The obvious difference between a short story and a novel is well, a short story is shorter. That profound statement did not require a degree in rocket science.
And with a shorter word count, short stories must be easier, right?
There is no hard rule, but as a general frame of reference: a short story is between 1,000 to 20,000 words, but most short stories are between 3,000 and 5,000 words. A novel is anything greater than ~55,000 words.
Having just completed a draft of a short story myself, I’d argue a short story takes less time, but not less skill or thought. Short stories simply require a different approach.
In fact, I think the challenge with short stories is the word count. This provides limited space to intrigue the reader, introduce characters, provide concept of their world, and overcome a dilemma.
How can so much be accomplished in so little? The best advice is to keep things simple.
Plot – A short story plot must be tight, without twists or shifts, in a singular setting, over a brief time span. A novel is a journey; a short story is one strong scene. There is simply no time for redirection or side tasks. Every word is precious.
Conflict – For a short story, the central conflict needs to be resolvable quickly – this is not the time for an epic journey to Mount Doom. But “quick” does not equate to “predictable” or “boring.”
Characters – A short story should focus on a small number of characters, in a singular setting, with one goal. There should be one antagonist. No side distractions.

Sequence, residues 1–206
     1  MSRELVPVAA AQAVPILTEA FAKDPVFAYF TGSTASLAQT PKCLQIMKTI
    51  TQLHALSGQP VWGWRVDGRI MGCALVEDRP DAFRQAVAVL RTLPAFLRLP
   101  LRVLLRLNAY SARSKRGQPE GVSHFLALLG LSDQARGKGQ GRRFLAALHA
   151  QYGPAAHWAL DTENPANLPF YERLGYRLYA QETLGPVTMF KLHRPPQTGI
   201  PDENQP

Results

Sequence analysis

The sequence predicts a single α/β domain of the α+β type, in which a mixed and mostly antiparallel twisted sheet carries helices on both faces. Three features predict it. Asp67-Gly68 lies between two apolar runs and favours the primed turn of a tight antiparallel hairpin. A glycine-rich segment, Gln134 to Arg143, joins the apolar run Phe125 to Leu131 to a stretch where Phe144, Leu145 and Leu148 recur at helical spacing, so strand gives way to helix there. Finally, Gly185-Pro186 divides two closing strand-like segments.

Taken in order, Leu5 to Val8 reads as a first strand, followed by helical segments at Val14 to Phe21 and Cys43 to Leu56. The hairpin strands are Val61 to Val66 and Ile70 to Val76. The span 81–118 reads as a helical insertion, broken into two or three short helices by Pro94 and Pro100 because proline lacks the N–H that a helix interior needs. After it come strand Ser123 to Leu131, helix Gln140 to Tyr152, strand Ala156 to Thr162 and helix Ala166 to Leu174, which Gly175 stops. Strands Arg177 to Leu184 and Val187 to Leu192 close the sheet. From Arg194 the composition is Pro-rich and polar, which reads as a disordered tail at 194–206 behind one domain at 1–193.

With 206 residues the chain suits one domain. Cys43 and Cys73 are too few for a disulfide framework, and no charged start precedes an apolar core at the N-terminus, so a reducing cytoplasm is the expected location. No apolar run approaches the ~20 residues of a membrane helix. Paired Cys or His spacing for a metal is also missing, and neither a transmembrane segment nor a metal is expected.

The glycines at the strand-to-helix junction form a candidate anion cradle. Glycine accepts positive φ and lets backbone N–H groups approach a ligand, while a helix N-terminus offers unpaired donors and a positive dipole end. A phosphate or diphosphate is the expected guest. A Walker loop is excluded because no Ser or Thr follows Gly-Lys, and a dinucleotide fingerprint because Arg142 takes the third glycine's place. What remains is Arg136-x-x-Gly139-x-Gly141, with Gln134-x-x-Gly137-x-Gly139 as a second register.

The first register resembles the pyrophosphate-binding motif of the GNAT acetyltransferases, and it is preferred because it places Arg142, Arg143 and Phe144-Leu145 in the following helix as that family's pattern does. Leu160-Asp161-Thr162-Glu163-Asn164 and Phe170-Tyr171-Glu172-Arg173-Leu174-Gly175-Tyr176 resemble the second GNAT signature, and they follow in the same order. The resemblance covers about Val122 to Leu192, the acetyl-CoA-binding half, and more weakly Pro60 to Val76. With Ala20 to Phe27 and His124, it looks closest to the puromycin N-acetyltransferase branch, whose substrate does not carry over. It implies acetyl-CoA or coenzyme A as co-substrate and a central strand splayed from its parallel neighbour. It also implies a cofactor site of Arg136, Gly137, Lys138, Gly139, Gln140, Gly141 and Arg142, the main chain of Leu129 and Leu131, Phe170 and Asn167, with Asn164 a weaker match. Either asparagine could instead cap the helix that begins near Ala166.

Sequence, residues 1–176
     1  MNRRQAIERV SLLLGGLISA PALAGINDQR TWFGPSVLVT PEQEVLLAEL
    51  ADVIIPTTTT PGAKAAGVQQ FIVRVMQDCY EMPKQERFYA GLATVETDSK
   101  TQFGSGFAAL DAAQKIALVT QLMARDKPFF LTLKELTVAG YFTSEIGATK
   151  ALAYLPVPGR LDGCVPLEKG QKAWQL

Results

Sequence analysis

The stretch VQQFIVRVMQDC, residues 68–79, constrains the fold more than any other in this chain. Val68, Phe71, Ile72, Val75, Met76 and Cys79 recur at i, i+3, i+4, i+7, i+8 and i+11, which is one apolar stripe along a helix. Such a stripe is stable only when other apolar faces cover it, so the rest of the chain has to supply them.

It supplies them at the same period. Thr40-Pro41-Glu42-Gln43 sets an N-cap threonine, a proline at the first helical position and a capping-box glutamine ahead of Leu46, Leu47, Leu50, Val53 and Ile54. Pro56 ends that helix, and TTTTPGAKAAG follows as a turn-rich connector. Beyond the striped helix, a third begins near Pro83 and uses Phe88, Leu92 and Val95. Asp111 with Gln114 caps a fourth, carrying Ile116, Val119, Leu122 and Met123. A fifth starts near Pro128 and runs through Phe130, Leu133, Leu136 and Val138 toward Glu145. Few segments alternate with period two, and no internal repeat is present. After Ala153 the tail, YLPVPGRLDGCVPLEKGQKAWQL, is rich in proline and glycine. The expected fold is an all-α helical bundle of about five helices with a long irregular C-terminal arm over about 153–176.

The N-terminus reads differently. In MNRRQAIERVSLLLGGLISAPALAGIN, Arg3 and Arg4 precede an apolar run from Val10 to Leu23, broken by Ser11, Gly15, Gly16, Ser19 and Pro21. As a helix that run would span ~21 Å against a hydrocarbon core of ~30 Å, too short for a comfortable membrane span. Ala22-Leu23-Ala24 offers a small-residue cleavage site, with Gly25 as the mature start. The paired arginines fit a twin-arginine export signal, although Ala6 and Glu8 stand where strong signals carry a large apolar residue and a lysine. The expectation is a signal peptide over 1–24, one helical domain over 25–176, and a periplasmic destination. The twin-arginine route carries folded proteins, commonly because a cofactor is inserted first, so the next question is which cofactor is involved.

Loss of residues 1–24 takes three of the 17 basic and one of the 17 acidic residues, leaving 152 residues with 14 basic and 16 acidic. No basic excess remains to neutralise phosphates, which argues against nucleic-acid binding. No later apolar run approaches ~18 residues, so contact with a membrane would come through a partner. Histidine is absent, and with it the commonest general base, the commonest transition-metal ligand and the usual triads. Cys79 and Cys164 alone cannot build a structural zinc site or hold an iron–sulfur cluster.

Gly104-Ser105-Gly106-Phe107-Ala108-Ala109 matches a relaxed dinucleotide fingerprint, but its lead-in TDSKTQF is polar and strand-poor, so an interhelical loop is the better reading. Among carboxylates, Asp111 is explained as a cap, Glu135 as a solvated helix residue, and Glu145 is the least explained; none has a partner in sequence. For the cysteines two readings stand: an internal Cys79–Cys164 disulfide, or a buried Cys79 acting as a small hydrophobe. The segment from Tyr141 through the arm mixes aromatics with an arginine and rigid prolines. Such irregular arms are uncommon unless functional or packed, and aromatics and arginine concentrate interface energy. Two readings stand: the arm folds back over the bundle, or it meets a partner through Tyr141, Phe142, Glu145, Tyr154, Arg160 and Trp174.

Depth – A novel provides the opportunity become intimate with a character, to explore their thoughts, their weakness, their desires. The reader can be immersed in a new world. With a short story, there is only time for the important facts. Determine the critical aspects of the story, and cut everything else.
Pacing – Novels generally follow a three-act structure. Most short stories provide an “exposition” to set the stage, some form of “climax” or conflict, and then an abrupt ending.
While there are differences, a short story does not excuse the author from good writing. All those recommended practices still apply: show vs. tell, use of strong verbs, strong descriptions for all five senses, etc. You still have to hook the reader.
. . . And, like all writing, the author will still fret over it, be nervous to share with beta readers, lose sleep over queries and second guess themselves with each word. Even though a story may be short, it’s still a personal view into the author’s soul.
What other differences do you find between short stories and novels. Share your thoughts in the comments below!
6 thoughts on “Short Story vs. The Novel”
Excellent post! I was thinking about this very subject the other day. Thanks for the breakdown.
Thanks! What other differences do you see?
Short stories seem to leave you wondering about other aspects of the characters’ lives we don’t see. Like what was their childhood like or how did they meet so-n-so, etc. That is, if it’s not a part of the story. It’s like wanting all the scoop on how the characters arrived at that one story point, but it’s left to the reader to assume or fantasize.
With a novel, it lays out a lot more detail. Not as much guesswork. By the end, the story has more of an impact on how you see the world or question how you’d handle the same thing. Maybe even help you feel less alone knowing someone else (real or fictional) went through the same thing.
A short story could do the same depending on how it’s written. But novels seem to have more of an emotional grip.
Very well described! Thanks for your comment!
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